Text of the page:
By Kiki Arochas, Staff Writer
Allow me to paint you a picture. You’re walking the quiet streets in Telzstone, Kiryat Yearim, one cool Thursday evening. You’ve just finished your preparations for Shabbat, and you and your spouse have agreed that a nice, quiet, late night walk is exactly what you need to let loose after the week. The evening is serene and peaceful, with a delicate breeze that just ever so lightly tickles your skin. All is well until suddenly, noises and bangs catch your attention. You perk up to see two bachurim, likely yeshiva age, prancing about in circles, throwing bricks into the center of the area dancing around and giggling. What would you assume? It’s late at night, after all; what else could these two be up to? Likely drunk, out late, wasting valuable time they should be out learning. Of course, you wouldn’t be faulted for such an assumption. True, one must be Dan Lecaf Zechut, judge others favorably, but when all the evidence points to a clear conclusion, isn’t it just irrational to think otherwise? I once thought as such, that there were limits to how far one’s favorable judgment could go. That was until I was on the other end of the story; until it was I who was exclaiming that there was more here than met the eye. But how could this circumstance possibly be justifiable behavior? How on earth could one not immediately think the worst in this instance? Let me guide you through the tale.
I was accompanied by Shneur Agronin (YC ‘26), who had asked to speak with me about a matter bothering him. We schmoozed, all the while taking in the beautiful simplicity of the quiet town around us, enjoying our year in the Holy Land. Suddenly, I stopped dead in my tracks. “SHNEUR!” I exclaimed. “It’s a SCORPION!” I had never seen one in real life before. I may as well have been locking eyes with a dragon. Mixed with terror and elation, I grabbed his attention. “HEEEEE!” he screeched, as the both of us, seized by fight or flight, chose flight. Once safely 15 feet away, we high fived and celebrated our dance with death. As we were discussing various ways we would magnify the situation, so we could tell a good story upon our return, something in my adrenaline charged brain struck me. “We can’t leave that thing alone!” I said. “It could kill somebody!” Shneur attempted to talk me out of my adrenaline fueled madness. “Kookles, that would never happen. Besides, what can we do about it?” But I was ready with a response. “I am not waking up tomorrow to find blood on my hands!” I cried. “We gotta kill this thing!” Shneur was swayed. We slowly approached our enemy, walking in measured footsteps carefully calculated to not arouse the scorpion’s attention. “What’s our plan?” I hissed. Shneur turned, irritated. “Why don’t you step on it?” he snapped back. “This was your idea!” “I can’t do that, I’m wearing FLIP FLOPS!” We started frantically looking around, trying to brainstorm for some ideas. Then, as if in sync, both of our eyes suddenly caught a pile of bricks in our peripheral vision. We slowly locked eyes, grinning. “That’ll work.”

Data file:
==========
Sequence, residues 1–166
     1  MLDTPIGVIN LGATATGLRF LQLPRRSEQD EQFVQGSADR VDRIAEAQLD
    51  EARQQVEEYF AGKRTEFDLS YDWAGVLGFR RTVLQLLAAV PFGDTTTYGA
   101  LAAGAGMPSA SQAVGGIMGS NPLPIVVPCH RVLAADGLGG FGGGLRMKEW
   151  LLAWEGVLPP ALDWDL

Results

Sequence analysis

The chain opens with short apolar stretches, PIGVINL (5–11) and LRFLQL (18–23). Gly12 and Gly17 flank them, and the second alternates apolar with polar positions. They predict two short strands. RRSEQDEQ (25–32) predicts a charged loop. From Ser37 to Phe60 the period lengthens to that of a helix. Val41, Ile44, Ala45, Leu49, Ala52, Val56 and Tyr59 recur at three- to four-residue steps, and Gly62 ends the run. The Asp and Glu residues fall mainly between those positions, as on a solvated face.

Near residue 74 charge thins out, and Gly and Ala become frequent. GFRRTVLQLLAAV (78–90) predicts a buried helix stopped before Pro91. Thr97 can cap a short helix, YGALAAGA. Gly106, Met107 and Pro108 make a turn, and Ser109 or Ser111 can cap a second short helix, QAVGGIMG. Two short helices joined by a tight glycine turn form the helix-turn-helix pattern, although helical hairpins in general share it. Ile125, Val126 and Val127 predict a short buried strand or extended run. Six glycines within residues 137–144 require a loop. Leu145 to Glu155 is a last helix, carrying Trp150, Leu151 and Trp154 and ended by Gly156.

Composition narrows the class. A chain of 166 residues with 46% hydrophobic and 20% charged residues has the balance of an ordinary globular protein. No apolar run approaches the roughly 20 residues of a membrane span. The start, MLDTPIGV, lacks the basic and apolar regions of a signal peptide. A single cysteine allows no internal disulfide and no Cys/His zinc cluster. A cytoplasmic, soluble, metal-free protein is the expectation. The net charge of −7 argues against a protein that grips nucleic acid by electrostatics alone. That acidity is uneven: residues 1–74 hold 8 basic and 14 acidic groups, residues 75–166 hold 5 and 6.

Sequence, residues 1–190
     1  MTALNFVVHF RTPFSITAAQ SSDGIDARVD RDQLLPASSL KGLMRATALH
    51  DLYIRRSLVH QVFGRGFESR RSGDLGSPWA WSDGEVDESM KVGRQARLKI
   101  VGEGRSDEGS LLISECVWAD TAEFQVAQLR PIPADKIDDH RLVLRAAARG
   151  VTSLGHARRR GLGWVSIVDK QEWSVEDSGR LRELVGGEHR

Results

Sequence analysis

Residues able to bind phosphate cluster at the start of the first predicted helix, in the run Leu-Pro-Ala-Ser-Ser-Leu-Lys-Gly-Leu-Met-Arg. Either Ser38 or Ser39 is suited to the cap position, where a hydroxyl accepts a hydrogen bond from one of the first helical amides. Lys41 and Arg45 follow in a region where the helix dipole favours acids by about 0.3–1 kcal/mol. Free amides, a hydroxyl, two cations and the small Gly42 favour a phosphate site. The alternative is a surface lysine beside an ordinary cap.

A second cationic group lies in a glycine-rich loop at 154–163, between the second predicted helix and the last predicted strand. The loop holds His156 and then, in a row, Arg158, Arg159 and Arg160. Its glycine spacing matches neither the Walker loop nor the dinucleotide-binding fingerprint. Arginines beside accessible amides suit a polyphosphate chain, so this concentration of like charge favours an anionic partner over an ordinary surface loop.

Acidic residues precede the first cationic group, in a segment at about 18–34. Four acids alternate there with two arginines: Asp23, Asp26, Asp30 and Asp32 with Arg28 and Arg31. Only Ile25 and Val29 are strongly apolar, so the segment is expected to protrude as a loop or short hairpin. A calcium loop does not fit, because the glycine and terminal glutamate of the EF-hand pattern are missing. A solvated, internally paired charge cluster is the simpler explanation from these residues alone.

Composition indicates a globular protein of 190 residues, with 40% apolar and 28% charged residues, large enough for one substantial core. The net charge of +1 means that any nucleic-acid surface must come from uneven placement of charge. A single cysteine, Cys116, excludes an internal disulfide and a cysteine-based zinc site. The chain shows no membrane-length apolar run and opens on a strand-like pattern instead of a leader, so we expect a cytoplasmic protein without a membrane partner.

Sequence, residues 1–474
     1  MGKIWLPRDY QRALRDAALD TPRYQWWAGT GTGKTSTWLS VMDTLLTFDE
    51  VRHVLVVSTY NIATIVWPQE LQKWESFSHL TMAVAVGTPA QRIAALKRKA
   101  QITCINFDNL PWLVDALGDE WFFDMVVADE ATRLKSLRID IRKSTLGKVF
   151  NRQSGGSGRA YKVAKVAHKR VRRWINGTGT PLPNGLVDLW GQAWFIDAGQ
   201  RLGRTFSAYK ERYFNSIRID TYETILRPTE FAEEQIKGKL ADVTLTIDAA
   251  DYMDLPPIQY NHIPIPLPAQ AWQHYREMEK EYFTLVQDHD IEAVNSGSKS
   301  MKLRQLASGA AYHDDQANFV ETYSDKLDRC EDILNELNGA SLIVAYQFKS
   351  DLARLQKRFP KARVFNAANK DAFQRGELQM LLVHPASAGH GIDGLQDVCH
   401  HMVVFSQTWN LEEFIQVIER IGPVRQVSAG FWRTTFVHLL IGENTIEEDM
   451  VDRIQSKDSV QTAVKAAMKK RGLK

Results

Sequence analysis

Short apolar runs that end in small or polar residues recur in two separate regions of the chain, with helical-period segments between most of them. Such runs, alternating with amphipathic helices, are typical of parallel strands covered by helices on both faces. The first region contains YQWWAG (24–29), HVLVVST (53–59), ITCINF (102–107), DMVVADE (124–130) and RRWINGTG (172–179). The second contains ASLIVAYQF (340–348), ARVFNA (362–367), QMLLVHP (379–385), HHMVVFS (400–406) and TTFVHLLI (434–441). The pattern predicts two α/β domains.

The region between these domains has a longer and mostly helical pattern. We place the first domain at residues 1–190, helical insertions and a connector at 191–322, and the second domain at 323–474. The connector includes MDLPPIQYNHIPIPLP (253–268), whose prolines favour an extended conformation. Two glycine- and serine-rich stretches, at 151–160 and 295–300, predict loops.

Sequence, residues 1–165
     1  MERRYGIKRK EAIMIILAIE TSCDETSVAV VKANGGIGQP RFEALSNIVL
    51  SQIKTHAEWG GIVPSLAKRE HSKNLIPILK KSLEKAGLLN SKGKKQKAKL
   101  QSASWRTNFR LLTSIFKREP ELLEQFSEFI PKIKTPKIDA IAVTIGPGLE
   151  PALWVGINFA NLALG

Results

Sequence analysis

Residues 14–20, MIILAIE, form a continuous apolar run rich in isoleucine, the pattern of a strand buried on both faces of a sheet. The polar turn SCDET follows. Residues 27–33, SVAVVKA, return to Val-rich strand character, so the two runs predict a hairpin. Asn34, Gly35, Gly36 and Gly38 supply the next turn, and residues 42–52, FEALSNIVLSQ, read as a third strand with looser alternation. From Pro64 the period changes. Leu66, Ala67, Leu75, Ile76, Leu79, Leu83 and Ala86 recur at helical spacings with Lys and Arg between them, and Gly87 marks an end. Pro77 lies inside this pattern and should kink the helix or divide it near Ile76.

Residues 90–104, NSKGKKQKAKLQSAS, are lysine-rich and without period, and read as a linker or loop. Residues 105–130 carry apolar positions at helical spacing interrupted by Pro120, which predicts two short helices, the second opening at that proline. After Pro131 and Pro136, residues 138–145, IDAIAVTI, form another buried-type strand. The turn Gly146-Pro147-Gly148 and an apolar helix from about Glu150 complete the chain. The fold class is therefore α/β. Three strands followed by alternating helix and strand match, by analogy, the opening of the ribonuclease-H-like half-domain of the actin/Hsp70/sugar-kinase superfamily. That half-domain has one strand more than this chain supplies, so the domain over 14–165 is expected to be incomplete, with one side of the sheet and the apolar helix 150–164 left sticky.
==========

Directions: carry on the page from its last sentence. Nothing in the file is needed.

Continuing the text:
With the large rocks in tow, we apprehensively approached the scorpion, lobbing the stones in its direction, hoping to land at least one. We failed spectacularly. We circled around it continuously, giggling, firing and missing from all directions until finally Shneur nailed one of its legs with a particularly massive brick. We whooped in triumph, but in the words of Kobe, the job’s not finished. Now able to approach closely, we leered upon our injured foe, and dropped one last brick, directly overhead. SPLAT.
One gentleman observing this scene approached us at this point, wondering what on earth was going on. “Akrav,” said Shneur, explaining there was a scorpion. “Ahhhh,” the man said in Israeli, and bid us farewell. As we were walking back to our dorms, laughing at our adventure, a thought struck me. How, I wondered, would one explain that situation to an outsider? “Oh, they encountered a scorpion at midnight, were giggling not out of drunkenness but terror, and were trying to kill it using bricks.” It sounds ridiculous, almost exactly the turn about way one would go about being Dan Lecaf Zechut, in a situation which clearly indicated otherwise, but it was TRUE! Ad nauseam, I repeated this story to anyone who would listen, as I felt that it carries an important lesson: never, ever, wear flip flops when walking late at night in Israel. Oh, and judge others favorably too, I suppose.